1
$\begingroup$

When I used and tested out the Quantum Support Vector Machine for just 120 samples of a large dataset (Training - 100 and Testing - 20). Its kernel classification results were quite close to the Classical Support Vector Machine. But, when I tested the whole dataset on the Quantum Support Vector Machine the kernel classification results differed a lot from the Classical Support Vector Machine.

So, I wanted to ask if this difference in result is only due to quantum noise? Or are there any other factors contributing to this difference?

$\endgroup$
5
  • 1
    $\begingroup$ Could you provide more details about the setup of your experiment? By Quantum SVM do you mean a classical SVM trained using a kernel computed on a quantum computer, or an SVM that is trained using a quantum algorithm with access to qRAM? What kernel function are you implementing for the classical and quantum classifiers? How big is the "whole dataset" and what kind of sampling error do you expect from a 100/20 train/test split based on cross validation? $\endgroup$
    – forky40
    Sep 12 at 21:50
  • $\begingroup$ Yes, @forky40. I am talking about kernel classification on a quantum computer for QSVM, not the qRAM one. I am using the digits dataset on sklearn. I am using the precomputed kernel classification score(i.e. the SVC) by taking the training and test kernel matrices. $\endgroup$
    – sohamb172
    Sep 13 at 6:26
  • $\begingroup$ Okay, and what sort of "quantum noise" do you mean here - is this the result of running kernel experiments on real hardware? How many qubits? What circuit ansatz? And again, 20 test points is very small. If you compute the test classification score over many randomly sampled 100 train / 20 test datasets, its possible that the variance in those scores is very large, meaning that the difference in classical vs quantum performance could be attributed to statistical fluctuations. $\endgroup$
    – forky40
    Sep 13 at 18:56
  • $\begingroup$ Yes, I have used the ZZFeatureMap in Qiskit. You're right probably the train-test-split ratio I have used is a little incorrect. But, I just wanted to know some disadvantages of the QSVM over the Classical SVM. Like you know noise is one of the problems. I wanted to know some more in general. $\endgroup$
    – sohamb172
    Sep 13 at 19:27
  • $\begingroup$ I also wanted to know, do large datasets reduce the performance of a QSVM? $\endgroup$
    – sohamb172
    Sep 13 at 19:29
1
$\begingroup$

Large datasets will not necessarily reduce the performance of an quantum kernel SVM (a Support Vector Machine trained classically using a kernel function evaluated on a quantum computer). You should actually expect the opposite: Training on larger datasets will reduce the generalization error and improve classifier (test) performance provided that you are accounting for overfitting.

For the sample size you mentioned, one reason for the behavior you observe may be that the classifier performance is dominated by statistical fluctuation: The test performance evaluated on a small subset of data is just not a reliable indicator of the classifier's performance on the complete test set.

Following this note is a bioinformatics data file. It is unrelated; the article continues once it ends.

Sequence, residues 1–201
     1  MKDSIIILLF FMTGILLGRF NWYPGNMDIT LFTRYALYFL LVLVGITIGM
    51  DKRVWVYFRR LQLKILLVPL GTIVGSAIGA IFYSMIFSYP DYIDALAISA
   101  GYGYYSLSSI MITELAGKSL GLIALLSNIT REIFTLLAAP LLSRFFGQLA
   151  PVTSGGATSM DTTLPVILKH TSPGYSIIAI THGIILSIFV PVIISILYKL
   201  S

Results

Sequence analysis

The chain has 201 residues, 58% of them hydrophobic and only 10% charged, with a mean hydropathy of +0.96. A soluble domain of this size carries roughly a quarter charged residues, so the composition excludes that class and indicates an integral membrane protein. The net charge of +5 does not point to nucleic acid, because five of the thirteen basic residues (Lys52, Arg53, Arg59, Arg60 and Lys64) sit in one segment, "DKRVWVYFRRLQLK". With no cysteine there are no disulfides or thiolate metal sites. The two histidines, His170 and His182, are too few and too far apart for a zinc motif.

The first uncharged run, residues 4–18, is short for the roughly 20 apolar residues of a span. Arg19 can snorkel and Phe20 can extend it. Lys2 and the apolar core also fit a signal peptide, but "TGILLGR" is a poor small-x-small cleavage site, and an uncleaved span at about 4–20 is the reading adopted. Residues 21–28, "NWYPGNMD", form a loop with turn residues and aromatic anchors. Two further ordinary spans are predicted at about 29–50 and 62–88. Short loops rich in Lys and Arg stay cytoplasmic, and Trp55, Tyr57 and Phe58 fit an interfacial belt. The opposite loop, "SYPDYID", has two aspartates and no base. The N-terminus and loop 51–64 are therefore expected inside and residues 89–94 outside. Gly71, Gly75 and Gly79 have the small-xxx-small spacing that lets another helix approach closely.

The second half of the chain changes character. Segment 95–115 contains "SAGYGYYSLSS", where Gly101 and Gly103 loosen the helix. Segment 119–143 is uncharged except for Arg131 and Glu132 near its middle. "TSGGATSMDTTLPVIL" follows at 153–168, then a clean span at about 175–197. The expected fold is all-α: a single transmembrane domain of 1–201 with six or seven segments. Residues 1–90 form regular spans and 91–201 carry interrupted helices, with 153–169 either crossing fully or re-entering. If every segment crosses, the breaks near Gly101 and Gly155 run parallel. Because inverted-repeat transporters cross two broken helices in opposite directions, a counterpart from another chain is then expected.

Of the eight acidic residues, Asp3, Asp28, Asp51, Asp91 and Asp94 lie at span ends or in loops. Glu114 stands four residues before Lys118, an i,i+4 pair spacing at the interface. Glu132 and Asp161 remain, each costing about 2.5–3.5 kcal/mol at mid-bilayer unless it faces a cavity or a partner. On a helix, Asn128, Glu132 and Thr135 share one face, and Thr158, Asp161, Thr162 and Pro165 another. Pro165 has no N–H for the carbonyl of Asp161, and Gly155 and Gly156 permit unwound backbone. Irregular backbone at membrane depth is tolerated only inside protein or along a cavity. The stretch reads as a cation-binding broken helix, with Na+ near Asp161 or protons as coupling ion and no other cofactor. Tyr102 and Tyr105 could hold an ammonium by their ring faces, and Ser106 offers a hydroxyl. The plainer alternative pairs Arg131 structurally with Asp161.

One way to assess this is through cross validation: Randomly sample (with replacement) $N$ many subsets of data containing $m$ training points and $t$ testing points ($m=100$, $t=20$ in your case) and compute the test score for sample. Then compute the mean and variance of this set of $N$ many test scores. If the variance in these scores is large, it means that a typical sample of $(m, t)$ train/test points is a poor indicator for the typical performance of a classifier with a size $m$ training set. This increases the probability that the test performance for your sample of data is significantly higher (or lower) than the typical performance of a classifier trained on $m$ datapoints, which will make it more difficult to discern an improvement in performance as $m$ increases.

More generally, there are many different reasons why the performance of a quantum kernel SVM would differ from a classical one. Hardware noise could be the issue, but also the expressiveness of the quantum kernel $k_Q$ (what decision boundaries can be expressed by this particular kernel function?), sampling error in evaluating $k_Q$, "curse of dimensionality" type effects wherein the kernel matrix $K_{ij} = k_Q(x_i, x_j)$ approaches the identity matrix, and so on. A thorough discussion of these effects is better left to a separate question.

$\endgroup$
1
  • $\begingroup$ Alright! Thanks @forky40 $\endgroup$
    – sohamb172
    Sep 14 at 5:59

Your Answer

By clicking “Post Your Answer”, you agree to our terms of service, privacy policy and cookie policy

Not the answer you're looking for? Browse other questions tagged or ask your own question.